Curator Tom Hart referred to it as something of a ramshackle version of R. Sikoryak’s Carousel—a New York indie comics institution of sorts. It’s a fairly apt description, but over the past few years, the Hart-curated Easter Sunday Comix Reading at the KGB Bar has lovingly stumbled into become a tradition in its own right, a gathering for the unreligious, the non-Christian, and the otherwise holiday orphaned members of the New York sequential art community.
The Hutch Owen artist has seemingly begun to take a certain amount of pride in the unpredictability of the show’s form, which last November, at the Thanksgiving version of the reading, produced Matthew Thurber’s now-infamous scroll reading of 1-800-Mice, a fantastic, if not especially environmentally-sound take on the show’s traditional slideshow format.
The creative plays on the medium were kept to a relative minimum this year, the one true bit of insanity arriving when Hart opted to step aside from his emceeing duties, handing the job over to one Joe Boginski, a cartoonist and self-styled comedian who deliver is perhaps best described as Neil Hamburger filtered through the Borsch Belt. The joke about the 69ing vampires was especially inspired. Boginski, like the rest of the cartoonists presenting on Sunday, is a graduate of SVA—well, all save for the final reader, Alabaster Pizzo, who still has another year to go at the midtown Manhattan art school.
The small second floor bar was packed yet again, another not so subtle reminder that the event has, for better and worse, long since outgrown its home in amongst the warm soviet knickknacks. Hopefully next year will see a change of venue—as terrific a bar as the KGB admittedly is, it’s hard to imagine shoving any more comics fans into the space. That said, there is something oddly romantic in the idea of fighting with an indie cartoonist over the last available seat behind the whirring projector.
The event got off to a late start—about 40 minutes or so. Fairly customary, I suppose in these sorts of situations. Leslie Stein was first up, reading from her book, Eye of the Majestic Creature. The 2003 SVA graduate’s soft spoken delivery prompted the shutoff of the bar’s loud, ancient air conditioning—apologies in advance for the sound quality of her video, but rest assured that the thing gets a bit better a ways in. Stein’s piece revolved around earmuffs, the counting of sand grains, and the Skittle-eating adventures of anthropomorphic musical instruments. It was also a happy reminder of the effectiveness of comic pacing when read aloud.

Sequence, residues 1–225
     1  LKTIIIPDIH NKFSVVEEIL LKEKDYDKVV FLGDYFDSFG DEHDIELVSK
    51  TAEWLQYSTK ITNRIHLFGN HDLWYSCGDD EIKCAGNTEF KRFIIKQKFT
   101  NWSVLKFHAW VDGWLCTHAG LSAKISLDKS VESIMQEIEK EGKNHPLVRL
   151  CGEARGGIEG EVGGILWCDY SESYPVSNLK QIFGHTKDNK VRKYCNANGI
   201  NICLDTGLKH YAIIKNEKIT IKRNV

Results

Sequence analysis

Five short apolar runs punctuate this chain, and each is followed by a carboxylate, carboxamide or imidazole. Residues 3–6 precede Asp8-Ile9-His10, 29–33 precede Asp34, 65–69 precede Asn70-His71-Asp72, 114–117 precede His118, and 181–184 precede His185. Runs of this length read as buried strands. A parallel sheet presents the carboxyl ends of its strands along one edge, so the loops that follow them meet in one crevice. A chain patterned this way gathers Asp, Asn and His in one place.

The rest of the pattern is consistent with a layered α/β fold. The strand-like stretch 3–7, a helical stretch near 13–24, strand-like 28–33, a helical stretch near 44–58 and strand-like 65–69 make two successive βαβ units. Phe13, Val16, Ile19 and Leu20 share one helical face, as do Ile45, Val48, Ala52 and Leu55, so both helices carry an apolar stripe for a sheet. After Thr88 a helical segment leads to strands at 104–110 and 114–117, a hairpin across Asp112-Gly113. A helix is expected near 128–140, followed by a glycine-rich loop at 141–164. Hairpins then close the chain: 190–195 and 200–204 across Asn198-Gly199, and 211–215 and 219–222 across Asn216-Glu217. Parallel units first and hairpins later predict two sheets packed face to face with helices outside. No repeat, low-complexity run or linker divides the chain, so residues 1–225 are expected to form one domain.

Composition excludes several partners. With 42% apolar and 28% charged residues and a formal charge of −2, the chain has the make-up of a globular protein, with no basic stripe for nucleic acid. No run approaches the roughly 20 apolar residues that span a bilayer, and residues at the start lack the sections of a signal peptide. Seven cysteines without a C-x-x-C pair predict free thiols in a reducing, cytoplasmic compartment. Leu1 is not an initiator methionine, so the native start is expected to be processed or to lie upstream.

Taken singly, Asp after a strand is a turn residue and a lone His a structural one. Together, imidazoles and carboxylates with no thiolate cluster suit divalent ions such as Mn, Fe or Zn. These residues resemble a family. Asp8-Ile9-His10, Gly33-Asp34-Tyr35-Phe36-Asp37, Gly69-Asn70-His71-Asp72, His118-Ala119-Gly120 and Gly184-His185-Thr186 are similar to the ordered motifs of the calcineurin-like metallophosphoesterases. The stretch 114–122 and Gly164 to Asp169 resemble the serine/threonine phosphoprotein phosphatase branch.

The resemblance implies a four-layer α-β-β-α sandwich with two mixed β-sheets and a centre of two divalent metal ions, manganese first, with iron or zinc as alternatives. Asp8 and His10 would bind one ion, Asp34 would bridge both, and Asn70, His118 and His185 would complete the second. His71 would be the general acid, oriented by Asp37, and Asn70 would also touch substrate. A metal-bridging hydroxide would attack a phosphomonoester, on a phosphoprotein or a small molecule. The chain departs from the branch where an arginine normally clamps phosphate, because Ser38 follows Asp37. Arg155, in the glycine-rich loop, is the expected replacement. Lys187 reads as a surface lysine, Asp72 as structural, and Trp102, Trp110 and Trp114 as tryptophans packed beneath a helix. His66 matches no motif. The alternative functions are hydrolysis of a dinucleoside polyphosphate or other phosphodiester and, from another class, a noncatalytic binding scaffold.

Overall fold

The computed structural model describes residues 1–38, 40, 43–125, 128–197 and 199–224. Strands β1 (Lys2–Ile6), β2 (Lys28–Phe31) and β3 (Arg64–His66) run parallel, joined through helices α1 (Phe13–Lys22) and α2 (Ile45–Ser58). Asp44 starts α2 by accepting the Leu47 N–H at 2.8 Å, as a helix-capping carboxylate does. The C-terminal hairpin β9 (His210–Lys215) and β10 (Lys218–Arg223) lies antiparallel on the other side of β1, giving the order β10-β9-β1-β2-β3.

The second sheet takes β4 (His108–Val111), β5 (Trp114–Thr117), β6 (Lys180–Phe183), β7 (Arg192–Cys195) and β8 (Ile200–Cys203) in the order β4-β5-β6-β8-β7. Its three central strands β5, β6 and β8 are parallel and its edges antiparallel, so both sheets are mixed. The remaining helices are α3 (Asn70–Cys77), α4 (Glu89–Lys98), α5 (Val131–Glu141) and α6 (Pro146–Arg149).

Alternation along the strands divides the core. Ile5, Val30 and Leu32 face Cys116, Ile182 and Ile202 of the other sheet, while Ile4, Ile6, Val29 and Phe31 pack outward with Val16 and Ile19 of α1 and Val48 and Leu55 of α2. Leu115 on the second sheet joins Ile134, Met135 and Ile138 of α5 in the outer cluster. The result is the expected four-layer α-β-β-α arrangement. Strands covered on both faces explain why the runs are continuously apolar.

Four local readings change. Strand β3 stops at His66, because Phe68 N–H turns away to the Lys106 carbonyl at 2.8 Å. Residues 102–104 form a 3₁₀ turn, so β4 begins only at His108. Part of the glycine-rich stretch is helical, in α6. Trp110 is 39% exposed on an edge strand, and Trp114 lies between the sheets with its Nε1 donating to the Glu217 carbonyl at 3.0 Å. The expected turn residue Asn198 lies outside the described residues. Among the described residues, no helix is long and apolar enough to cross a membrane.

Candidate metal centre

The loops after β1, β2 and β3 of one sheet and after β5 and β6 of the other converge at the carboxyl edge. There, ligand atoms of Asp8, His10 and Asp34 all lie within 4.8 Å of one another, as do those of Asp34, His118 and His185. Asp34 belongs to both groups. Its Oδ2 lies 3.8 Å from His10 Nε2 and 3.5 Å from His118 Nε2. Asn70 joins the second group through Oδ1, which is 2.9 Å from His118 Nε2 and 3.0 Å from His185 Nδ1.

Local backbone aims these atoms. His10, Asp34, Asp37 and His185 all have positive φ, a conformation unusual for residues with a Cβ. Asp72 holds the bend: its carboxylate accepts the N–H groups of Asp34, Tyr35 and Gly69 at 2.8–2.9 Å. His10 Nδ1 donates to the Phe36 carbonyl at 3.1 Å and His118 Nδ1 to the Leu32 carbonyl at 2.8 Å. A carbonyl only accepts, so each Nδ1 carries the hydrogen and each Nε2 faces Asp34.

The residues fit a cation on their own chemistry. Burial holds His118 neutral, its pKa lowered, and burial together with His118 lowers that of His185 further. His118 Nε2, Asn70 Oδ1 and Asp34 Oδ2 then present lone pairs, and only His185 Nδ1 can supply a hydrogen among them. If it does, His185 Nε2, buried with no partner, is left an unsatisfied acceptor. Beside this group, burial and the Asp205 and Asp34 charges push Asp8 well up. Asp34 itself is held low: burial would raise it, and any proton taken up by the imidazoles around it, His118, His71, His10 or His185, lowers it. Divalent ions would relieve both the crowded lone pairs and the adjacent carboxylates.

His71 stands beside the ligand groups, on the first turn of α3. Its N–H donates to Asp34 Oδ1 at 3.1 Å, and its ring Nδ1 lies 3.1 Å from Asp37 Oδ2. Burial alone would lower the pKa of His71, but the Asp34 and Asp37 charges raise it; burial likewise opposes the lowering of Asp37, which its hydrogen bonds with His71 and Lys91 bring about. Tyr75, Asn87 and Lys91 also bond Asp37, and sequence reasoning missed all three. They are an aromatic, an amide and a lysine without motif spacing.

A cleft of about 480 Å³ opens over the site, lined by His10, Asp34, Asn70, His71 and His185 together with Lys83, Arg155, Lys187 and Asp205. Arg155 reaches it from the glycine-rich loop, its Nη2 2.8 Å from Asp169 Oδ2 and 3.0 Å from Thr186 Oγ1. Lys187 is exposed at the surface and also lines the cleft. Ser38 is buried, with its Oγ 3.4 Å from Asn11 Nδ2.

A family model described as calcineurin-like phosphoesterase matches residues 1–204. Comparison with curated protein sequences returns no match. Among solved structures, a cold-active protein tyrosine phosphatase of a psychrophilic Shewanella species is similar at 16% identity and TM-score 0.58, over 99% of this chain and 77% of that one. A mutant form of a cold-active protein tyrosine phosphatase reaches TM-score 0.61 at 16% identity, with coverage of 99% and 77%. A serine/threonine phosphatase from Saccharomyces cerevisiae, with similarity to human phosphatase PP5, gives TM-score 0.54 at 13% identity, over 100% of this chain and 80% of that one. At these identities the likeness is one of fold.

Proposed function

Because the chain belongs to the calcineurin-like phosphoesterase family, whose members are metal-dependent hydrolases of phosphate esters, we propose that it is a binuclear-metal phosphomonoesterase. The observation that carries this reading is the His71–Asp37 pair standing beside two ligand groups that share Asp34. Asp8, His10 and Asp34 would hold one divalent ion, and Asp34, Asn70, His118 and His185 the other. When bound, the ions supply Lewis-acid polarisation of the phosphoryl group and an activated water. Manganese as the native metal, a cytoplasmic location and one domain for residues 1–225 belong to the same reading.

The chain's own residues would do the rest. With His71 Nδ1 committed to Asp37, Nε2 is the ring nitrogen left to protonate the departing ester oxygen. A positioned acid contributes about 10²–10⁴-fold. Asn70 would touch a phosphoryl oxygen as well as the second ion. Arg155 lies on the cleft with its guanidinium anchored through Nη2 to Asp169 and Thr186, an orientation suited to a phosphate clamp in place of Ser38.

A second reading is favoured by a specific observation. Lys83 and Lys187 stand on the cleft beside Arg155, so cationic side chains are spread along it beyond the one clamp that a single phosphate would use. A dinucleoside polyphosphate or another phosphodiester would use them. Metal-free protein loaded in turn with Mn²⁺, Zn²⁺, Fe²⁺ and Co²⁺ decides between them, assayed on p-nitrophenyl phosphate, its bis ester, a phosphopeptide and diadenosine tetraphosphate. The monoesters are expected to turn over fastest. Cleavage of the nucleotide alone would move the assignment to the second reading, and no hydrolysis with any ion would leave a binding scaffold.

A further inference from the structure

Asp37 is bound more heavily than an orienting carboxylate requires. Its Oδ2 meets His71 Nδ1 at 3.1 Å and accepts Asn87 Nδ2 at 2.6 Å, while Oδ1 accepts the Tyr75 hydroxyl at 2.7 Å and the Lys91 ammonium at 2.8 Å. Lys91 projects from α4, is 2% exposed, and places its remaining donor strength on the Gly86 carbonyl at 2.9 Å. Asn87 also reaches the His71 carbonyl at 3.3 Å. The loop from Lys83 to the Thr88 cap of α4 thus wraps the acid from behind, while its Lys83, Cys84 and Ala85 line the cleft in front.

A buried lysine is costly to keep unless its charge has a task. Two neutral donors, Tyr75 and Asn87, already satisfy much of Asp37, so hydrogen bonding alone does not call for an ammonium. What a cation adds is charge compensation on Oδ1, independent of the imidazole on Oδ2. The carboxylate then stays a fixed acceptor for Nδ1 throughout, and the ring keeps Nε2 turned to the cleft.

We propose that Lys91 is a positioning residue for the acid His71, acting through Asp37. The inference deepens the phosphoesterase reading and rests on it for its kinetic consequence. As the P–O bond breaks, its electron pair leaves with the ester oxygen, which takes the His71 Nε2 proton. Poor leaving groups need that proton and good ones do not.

Act-I-Vate artist Ulises Farinas read next, presenting a section from the graphically stunning tale Motro. Farinas’s piece stood out in the group for its seeming relative lack of the intentionally comedic, though in this oral setting, a good deal of humor was clearly drawn from the absurdity of his story’s fantastic realm—and from the fact that the bespectacled Farinas was largely unable to read the tiny text in his own dialogue bubbles.
Dash Shaw, no doubt the best known of the lot began his allotted time by presenting a spread from his new mini Torture Hospital #1. Always happy to deconstruct his own work for an audience, the Bottomless Belly Button author patiently broke down the artistic motives behind the piece, a theme that carried over into is presentation of several pages from his Webcomic—and soon to Pantheon graphic novel—Bodyworld.
It was Pizzo, however, who really put on the evening’s show, complete with a cast of makeshift voice actors (Pizzo primarily relegated herself to the task of foley artist). Together the group read a story from Small Change, a cartoony caper about a talking mouse with bold literary ambitions.
In all, it was yet another successful Easter reading, a chance to escape from the mean, parade-filled streets of Easter Sunday and co-mingle with the New York comics community. Whether or not the next such event will be held in a larger venue has yet to be determined, and while it would be sad to see it moved from the warm and comfortable confines of 4th st.’s KGB Bar, it would be nice to have a place to sit next year.